Depending on who you ask, last week was either the beginning of the end for public interest journalism or the inevitable next chapter in a story many people saw coming.
When the Australian Federal Police raided two journalists and the offices of the ABC many saw it as legal intimidation and a direct attack on the freedom of the press and some saw it as karma.
The raids were made possible by the newly minted anti-terror national security laws and triggered by "alleged publishing of information classified as an official secret".
The journalists targeted were not touting political dissent or broadcasting revolutionary ideals from secret hidey-holes but rather they were trained professionals of some experience who claimed to have been just doing their jobs.
One journalist was investigated after publishing a story in 2018 about a leaked plan to allow the government to spy on Australian citizens by secretly accessing emails, bank accounts and text messages.
The warrant served by the AFP allowed police to search the journalist's home, computer and mobile phone.
Public interest journalism, contrary to what the name suggests, is not celebrity gossip, sensation or fake news.
It is also known as watchdog journalism, which some might see as the purest form of the profession.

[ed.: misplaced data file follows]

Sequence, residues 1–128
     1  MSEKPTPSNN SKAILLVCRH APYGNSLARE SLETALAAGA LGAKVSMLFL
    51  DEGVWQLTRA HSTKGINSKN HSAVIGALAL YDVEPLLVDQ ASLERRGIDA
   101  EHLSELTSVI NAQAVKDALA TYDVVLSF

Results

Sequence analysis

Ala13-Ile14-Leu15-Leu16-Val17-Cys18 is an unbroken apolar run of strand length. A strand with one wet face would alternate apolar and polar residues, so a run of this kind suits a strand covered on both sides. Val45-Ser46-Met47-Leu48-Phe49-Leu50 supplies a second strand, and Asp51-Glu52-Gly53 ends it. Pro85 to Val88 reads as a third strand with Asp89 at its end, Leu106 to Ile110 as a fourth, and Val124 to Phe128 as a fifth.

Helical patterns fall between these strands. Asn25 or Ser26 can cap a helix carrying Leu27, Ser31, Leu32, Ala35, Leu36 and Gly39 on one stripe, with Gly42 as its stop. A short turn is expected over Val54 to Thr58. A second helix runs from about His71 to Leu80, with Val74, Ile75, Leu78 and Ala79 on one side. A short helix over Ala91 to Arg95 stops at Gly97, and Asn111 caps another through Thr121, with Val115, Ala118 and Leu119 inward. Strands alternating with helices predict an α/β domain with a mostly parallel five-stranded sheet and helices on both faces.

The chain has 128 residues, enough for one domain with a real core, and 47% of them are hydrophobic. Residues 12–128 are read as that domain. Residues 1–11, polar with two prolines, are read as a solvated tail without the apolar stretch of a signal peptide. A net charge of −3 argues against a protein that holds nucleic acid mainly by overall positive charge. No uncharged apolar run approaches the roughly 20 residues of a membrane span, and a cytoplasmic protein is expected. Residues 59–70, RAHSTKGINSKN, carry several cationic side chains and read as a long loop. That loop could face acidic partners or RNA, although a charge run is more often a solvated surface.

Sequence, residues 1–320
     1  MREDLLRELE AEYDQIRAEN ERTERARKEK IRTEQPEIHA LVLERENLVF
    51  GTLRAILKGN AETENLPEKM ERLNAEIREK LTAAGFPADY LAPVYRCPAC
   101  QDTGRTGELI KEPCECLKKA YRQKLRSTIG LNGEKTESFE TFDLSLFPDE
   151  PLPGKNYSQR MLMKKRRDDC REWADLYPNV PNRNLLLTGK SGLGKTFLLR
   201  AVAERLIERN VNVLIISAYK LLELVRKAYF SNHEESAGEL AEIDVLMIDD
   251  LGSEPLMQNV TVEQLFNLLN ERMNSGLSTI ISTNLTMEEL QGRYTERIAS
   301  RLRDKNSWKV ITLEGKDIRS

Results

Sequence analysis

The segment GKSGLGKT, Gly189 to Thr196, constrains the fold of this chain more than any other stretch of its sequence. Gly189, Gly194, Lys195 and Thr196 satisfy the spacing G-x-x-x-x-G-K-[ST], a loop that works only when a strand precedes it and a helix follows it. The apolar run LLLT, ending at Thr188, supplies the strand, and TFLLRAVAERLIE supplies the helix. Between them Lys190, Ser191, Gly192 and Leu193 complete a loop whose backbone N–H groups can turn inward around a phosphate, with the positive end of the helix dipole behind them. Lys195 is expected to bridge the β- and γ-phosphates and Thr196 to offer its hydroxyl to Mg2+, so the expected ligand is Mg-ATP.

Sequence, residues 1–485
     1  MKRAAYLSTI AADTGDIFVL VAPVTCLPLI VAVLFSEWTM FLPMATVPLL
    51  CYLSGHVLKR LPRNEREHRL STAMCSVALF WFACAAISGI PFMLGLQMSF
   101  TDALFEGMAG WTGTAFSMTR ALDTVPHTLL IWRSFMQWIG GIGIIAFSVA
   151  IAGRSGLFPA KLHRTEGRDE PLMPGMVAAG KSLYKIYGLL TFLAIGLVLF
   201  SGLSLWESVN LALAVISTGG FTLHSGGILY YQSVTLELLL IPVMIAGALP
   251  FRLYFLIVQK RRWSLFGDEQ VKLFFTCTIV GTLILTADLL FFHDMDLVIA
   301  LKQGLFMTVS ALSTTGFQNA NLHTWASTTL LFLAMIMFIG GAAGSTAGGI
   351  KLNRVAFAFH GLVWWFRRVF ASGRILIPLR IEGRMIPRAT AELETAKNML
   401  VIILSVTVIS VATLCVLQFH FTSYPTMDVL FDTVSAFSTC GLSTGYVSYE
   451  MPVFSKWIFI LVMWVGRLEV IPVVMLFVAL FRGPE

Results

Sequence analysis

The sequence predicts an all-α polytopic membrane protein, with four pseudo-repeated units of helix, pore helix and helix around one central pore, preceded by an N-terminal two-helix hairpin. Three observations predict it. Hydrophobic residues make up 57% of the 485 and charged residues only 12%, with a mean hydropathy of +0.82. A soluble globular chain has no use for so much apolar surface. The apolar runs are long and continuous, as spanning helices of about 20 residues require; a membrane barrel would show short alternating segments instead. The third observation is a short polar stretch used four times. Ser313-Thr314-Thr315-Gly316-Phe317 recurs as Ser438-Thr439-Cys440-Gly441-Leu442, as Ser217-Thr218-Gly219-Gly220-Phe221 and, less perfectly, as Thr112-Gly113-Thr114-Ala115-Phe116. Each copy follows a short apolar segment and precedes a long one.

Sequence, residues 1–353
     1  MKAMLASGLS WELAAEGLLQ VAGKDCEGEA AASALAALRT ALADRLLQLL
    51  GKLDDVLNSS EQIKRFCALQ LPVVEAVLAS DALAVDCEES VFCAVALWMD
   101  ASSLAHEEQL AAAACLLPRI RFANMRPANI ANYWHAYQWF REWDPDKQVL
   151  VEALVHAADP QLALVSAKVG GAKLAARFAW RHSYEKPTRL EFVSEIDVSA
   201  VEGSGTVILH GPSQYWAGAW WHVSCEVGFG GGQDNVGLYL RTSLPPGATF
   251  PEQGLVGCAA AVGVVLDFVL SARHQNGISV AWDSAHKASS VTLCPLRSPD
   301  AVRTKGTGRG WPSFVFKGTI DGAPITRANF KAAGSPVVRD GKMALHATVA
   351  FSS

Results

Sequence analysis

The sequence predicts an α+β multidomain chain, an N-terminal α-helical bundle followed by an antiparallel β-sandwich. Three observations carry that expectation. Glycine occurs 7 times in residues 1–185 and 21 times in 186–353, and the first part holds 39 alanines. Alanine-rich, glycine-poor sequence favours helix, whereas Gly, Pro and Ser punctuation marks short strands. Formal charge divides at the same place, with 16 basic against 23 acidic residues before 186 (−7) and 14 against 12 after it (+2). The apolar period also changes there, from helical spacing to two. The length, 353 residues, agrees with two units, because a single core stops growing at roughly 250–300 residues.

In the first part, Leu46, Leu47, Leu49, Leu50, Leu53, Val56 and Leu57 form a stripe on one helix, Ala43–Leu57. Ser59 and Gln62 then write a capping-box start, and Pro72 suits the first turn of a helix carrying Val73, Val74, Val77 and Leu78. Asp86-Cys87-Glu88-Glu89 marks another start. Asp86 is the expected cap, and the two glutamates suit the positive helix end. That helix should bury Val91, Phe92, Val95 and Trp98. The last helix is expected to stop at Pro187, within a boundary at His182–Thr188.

This is the type of journalism designed to keep the authorities honest and it relies on whistleblowers to come forward.
History has shown that this type of reporting has prevented wrongdoings within government, corporations or organisations from remaining hidden from the public.
Australia was rated 21st in the World Press Freedom Index for 2019, behind Iceland, Estonia and Costa Rica and well behind New Zealand, which rated 7th and that was before the AFP raids.
Reporters Without Borders says investigative journalism is at risk in Australia, saying "the space left for demanding investigative journalism has also been reduced by the fact that independent reporters and whistleblowers face draconian legislation".
The role of the media might be seen in a different light today, with the advent of bloggers, vloggers and citizen reporters.
But professional journalists still represent the Fourth Estate, tasked with serving as the eyes and ears of the people in the halls of power and most reporters take this responsibility seriously.